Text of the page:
November 18, 2019
Daniel Westreich, PhD, associate professor of epidemiology at the UNC Gillings School of Global Public Health, has authored a new textbook for first-year graduate and advanced undergraduate students in the fields of epidemiology and public health. Epidemiology by Design: A Causal Approach to the Health Sciences, published in November by Oxford University Press, is an introductory text that explores the foundations of epidemiology through the lens of causal inference – the science and philosophy that addresses understanding the differences between correlation and causation, particularly when evidence from randomized trials cannot be relied upon.
Causal inference has long been thought to be at the heart of epidemiology and public health research. It helps identify opportunities for health interventions, shape public health policy, and determine how to increase or decrease exposure to certain beneficial or harmful agents in order to improve health.
In a study published in 2016, Westreich led a team of researchers in proposing a framework for a causal approach to epidemiological studies that could provide more useful evidence in public health decision-making. That framework includes consideration of:
- Internal validity – the confidence that there is a cause-and-effect relationship between a variable and an outcome in the study data;
- External validity – the question of how applicable that cause-and-effect are in the real-world population for whom you want to make health policy, and;
- Population intervention impact – understanding how the effects of exposures (like smoking) can differ from the effects of scaled-up, real-world interventions to affect those exposures (like cognitive behavioral therapy for smoking cessation).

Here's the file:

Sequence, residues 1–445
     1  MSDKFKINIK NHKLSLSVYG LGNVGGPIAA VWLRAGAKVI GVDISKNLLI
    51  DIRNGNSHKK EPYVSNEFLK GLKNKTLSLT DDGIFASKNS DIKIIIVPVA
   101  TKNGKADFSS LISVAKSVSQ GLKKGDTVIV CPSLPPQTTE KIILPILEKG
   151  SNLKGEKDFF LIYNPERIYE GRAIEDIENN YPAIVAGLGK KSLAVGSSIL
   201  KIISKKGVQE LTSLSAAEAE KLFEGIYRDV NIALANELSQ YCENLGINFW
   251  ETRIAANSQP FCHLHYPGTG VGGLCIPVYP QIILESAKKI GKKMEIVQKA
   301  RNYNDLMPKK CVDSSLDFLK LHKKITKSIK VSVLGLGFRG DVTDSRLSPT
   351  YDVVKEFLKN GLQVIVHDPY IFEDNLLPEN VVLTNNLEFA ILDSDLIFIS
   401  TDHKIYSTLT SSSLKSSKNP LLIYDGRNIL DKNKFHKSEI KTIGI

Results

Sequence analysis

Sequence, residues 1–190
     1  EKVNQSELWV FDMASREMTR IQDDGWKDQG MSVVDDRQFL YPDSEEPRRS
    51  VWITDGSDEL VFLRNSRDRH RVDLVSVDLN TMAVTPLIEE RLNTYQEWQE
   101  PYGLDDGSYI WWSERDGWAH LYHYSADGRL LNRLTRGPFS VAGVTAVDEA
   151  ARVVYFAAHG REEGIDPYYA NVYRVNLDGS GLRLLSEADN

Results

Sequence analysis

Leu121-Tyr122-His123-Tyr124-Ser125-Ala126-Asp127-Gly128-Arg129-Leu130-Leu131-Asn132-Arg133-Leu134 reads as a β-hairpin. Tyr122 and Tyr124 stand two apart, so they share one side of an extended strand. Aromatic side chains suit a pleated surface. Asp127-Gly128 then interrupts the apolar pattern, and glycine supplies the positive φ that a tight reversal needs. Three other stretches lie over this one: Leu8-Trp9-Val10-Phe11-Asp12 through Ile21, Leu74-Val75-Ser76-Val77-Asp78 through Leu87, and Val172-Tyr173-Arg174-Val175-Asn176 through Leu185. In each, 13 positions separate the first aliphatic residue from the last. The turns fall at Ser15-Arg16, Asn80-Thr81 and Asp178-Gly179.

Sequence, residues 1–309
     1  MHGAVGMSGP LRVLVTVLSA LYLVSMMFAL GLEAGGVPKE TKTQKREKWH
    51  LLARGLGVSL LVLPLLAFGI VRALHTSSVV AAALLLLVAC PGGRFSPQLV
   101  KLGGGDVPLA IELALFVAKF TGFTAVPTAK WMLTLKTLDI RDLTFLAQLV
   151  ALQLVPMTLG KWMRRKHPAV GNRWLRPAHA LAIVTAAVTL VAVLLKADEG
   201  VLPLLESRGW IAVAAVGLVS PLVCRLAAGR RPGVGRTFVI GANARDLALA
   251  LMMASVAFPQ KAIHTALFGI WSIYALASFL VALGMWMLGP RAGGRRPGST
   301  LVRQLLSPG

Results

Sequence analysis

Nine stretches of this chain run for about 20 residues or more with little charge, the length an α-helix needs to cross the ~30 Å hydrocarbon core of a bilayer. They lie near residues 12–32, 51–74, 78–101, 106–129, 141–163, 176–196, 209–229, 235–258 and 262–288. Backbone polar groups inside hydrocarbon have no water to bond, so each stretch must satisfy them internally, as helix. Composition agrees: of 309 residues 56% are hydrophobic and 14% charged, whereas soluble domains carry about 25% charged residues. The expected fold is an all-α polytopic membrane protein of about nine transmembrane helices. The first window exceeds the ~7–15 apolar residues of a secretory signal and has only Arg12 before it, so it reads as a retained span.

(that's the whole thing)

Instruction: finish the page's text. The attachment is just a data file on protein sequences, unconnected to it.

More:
Westreich’s new book is the first introductory textbook that frames fundamental, first-semester epidemiologic methods through a modern causal inference lens.
“The study of epidemiology is, to a large extent, about learning to ask good questions in population health,” Westreich states in the overview of the text.
Through the analysis of study designs that apply a causal approach, Westreich’s goal in Epidemiology by Design is to arm students new to epidemiology with the tools to ask better questions that will produce more relevant data and ultimately improve public health outcomes.
“I’m excited to share this textbook with students as well as anyone who wants to reexamine the fundamental methods of epidemiology through a causal lens,” said Westreich, adding that he is “grateful to all the folks who helped me create this book, especially my own teachers and the many people who peer-reviewed the work in progress.”
Westreich’s body of research applies causal inference to epidemiology and implementation science, specifically at the intersection of HIV and women’s reproductive health. His work on the book was funded by a DP2 New Innovator award from the National Institutes of Health.
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